In a more traditional model, he notes, you would educate staff and then feed data back. "It takes about 10-15 years to really achieve a high level of performance that way," he observes. "We simply said that as of a certain day you can't order this medication without providing a reason. It's easier to do this in an EMR [electronic medical record] environment, but you can do it in a paper environment as well."
Change on the hospital level
Vicki Loughery, RN, BSN, MS, chief nursing officer at Sebasticook Valley Hospital, part of the Eastern Maine system, explains how these initiatives translate into change on the hospital level. "Erik will bring forth at a CCC [the systemwide clinical coordinating committee] meeting a new best practice or initiative and ask everyone if this is something we want be involved in; we all vote as a group," she shares. "He generally provides some of the beginning information, we discuss it as a group, come up with a plan of where we want to go, and set the benchmark. Then, each hospital has a quality team within its own organization. We bring it back there and come up with a plan on how to roll it out and get education to everybody."
Every hospital, she continues, has a quality web page, and each is in the same format. "This way, we all look at and do the same things, and we try to measure the same way," Loughery explains." Being an affiliate, we are a small community hospital, but patients will go back and forth between us and the tertiary hospital, and they need to see we provide the same quality care, speak the same language, and that the same things are important to all of us."
She describes her hospital's participation in the venous thromboembolism initiative. "The very first thing we asked was how we could hard wire this," says Loughery. "The problem is that at present we have all different levels of connectivity to the EMR in the system; we don't have it yet. So, for example, at Eastern Maine they can set things up so a physician can't go to the next question unless he takes a certain action, but we can't do that." So her facility developed an order set to achieve the same goal.
"We have our own zero defect team here, which includes the director of quality, vice president of medical affairs, nursing directors for various departments, and a clinical nurse consultant, and we meet every Tuesday morning to look at every initiative," Loughery continues. "We look at any gaps that exist and discuss how we can fill them. A lot of our doctors were ordering prophylactic Coumadin, Heparin, or Lovenox but not assessing the patient's risk, so we were not sure if they were getting the proper med at the proper risk level."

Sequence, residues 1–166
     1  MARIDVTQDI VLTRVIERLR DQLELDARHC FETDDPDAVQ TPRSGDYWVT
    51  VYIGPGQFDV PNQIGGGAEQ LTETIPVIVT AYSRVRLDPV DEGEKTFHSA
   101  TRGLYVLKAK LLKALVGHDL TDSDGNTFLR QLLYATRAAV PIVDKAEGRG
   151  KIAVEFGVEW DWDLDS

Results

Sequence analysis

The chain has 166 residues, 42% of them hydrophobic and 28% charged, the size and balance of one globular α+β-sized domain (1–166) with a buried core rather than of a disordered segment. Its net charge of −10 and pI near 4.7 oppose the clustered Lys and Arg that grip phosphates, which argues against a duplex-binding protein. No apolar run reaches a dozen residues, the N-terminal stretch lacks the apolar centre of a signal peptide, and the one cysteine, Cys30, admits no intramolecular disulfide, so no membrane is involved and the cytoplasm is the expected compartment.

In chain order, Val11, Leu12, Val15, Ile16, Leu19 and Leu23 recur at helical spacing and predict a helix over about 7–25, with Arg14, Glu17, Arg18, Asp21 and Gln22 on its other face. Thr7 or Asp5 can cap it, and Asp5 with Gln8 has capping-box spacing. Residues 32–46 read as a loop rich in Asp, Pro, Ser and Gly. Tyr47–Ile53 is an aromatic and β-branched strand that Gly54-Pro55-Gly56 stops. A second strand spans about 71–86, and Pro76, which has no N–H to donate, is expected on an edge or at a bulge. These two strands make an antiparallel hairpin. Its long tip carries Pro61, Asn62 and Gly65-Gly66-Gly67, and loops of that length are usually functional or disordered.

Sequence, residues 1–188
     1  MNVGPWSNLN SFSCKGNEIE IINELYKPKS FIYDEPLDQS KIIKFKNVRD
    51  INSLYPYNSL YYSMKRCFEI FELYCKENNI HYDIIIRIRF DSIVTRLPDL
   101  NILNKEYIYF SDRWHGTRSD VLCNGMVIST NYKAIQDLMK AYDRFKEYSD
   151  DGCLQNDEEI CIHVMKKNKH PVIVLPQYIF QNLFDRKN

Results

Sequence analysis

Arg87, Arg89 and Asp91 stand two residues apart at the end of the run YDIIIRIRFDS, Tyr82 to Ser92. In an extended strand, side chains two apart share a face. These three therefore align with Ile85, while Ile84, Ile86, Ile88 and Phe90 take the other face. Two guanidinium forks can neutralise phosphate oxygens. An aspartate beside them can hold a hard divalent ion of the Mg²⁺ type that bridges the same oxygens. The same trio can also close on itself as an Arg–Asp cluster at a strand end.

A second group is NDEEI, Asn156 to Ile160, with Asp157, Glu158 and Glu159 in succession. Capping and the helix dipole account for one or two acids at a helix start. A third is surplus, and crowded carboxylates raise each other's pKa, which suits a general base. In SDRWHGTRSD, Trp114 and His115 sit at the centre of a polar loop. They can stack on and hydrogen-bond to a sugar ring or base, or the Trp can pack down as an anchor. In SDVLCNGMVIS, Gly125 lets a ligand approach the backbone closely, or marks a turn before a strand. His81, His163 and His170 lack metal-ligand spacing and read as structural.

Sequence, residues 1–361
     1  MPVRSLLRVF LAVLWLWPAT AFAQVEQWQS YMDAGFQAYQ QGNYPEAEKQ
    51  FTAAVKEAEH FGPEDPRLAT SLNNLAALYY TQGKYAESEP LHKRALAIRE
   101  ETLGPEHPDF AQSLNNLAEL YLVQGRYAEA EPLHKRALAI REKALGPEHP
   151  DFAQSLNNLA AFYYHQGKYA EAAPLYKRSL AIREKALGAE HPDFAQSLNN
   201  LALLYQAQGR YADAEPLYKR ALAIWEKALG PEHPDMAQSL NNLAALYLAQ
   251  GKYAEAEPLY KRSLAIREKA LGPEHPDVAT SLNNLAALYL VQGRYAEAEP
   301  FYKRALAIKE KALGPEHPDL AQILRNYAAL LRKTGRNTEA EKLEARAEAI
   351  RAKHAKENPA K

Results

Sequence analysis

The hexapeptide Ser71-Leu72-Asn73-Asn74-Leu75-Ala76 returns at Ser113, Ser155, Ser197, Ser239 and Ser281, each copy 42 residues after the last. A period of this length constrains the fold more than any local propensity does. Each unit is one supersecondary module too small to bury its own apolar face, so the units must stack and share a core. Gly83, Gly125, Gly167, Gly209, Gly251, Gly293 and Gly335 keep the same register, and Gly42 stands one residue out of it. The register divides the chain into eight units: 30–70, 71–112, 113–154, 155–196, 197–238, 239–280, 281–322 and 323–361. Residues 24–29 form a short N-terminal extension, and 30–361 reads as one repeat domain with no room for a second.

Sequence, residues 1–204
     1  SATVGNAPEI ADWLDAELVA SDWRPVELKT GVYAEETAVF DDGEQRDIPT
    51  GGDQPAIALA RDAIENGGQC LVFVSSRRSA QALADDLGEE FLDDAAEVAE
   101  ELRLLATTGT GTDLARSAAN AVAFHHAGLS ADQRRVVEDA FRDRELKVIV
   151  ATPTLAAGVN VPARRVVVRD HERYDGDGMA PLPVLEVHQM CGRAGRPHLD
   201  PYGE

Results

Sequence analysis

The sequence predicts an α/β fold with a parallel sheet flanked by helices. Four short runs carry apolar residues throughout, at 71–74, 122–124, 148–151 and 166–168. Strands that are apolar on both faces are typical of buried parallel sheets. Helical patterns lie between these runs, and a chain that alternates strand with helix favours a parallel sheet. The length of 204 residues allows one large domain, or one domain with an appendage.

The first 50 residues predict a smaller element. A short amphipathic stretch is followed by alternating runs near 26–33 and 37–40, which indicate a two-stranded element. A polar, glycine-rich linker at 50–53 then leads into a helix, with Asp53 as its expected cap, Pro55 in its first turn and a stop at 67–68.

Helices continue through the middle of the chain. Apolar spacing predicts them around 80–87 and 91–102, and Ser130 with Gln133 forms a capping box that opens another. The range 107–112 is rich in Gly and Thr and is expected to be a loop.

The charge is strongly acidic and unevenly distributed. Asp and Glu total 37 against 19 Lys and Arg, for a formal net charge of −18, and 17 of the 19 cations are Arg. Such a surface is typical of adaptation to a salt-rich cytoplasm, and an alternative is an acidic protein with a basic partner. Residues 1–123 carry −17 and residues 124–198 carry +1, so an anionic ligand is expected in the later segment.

That's where the order set came in. "We re-developed our order set so you had to do an assessment first and assign a high-, medium-, or low-risk level, and we developed appropriate dosing for each level. This made it easy for the doctor to follow the flow."
Unfortunately, this was not a perfect system, because some doctors still skipped over the step. "This is where we had to use people as gatekeepers," says Loughery. "As soon as the doctor turned in the chart, they were either chased down the hall or, after we gave them time get to the office, we would call and note that they had not completed the form. We'd tell them, 'I'll fax it to you; I can't give the patient meds until you fill it out.'"
Every week Loughery runs a report telling her which patients did not get a risk assessment done. "If it is an end-of-life situation, or if they are on a therapeutic dosage, you can put those two on to indicate a reason why it was not done," she notes. This initiative was started in October 2009; in that month, there were 19 charts on which the assessment was not done; in November there were 18, in December 16, and by January it was down to 11. "I hope in February we'll be at five, and by March, which will be the six-month point, we should be at zero," says Loughery.
Loughery says that for some indicators her facility is already at zero, while some others will never be. "For some, if we said we were at zero we'd be lying," she notes, "But we do all that we can. For example, hand washing has got to be the hardest. For January we were at 95.8% with 504 observations monitored. But, we had started at about 50%."
All medical data are reported "unblinded," notes Loughery, so that it can be determined which staff member is not following a given process. "We immediately pull them aside myself or another nurse or physician," she notes. "We have made it a comfortable culture for everyone; we're not punitive, but educative. I would say, 'Did you realize that just now you didn't wash your hands? What can we do to make this entrance to the room safer? Do we need to move the Purell dispenser, or couldn't you see the sign?'"
"We try to set expectations at very specific levels at a certain period of time, moving up the quality 'pyramid' in progressive hard wiring," adds Steele. "We try to spend less and less time educating and more time using the tools and methods we know will work."
[For more information, contact:
Erik Steele, D.O., Chief Medical Officer, Eastern Maine Healthcare, Phone: (207) 973-7979.
Vicki Loughery, RN, BSN, MS, Chief Nursing Officer, Sebasticook Valley Hospital, Phone: (207) 487-4057.]